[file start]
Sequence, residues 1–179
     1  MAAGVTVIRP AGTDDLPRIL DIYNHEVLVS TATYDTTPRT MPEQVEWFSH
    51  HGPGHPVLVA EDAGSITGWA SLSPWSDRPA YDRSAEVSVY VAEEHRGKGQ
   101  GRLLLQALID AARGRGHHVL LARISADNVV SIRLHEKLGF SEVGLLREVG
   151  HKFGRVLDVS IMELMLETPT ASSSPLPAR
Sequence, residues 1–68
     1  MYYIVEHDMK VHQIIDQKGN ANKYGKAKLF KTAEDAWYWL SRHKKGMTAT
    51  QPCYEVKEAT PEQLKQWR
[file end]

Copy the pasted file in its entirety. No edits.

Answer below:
Sequence, residues 1–179
     1  MAAGVTVIRP AGTDDLPRIL DIYNHEVLVS TATYDTTPRT MPEQVEWFSH
    51  HGPGHPVLVA EDAGSITGWA SLSPWSDRPA YDRSAEVSVY VAEEHRGKGQ
   101  GRLLLQALID AARGRGHHVL LARISADNVV SIRLHEKLGF SEVGLLREVG
   151  HKFGRVLDVS IMELMLETPT ASSSPLPAR
Sequence, residues 1–68
     1  MYYIVEHDMK VHQIIDQKGN ANKYGKAKLF KTAEDAWYWL SRHKKGMTAT
    51  QPCYEVKEAT PEQLKQWR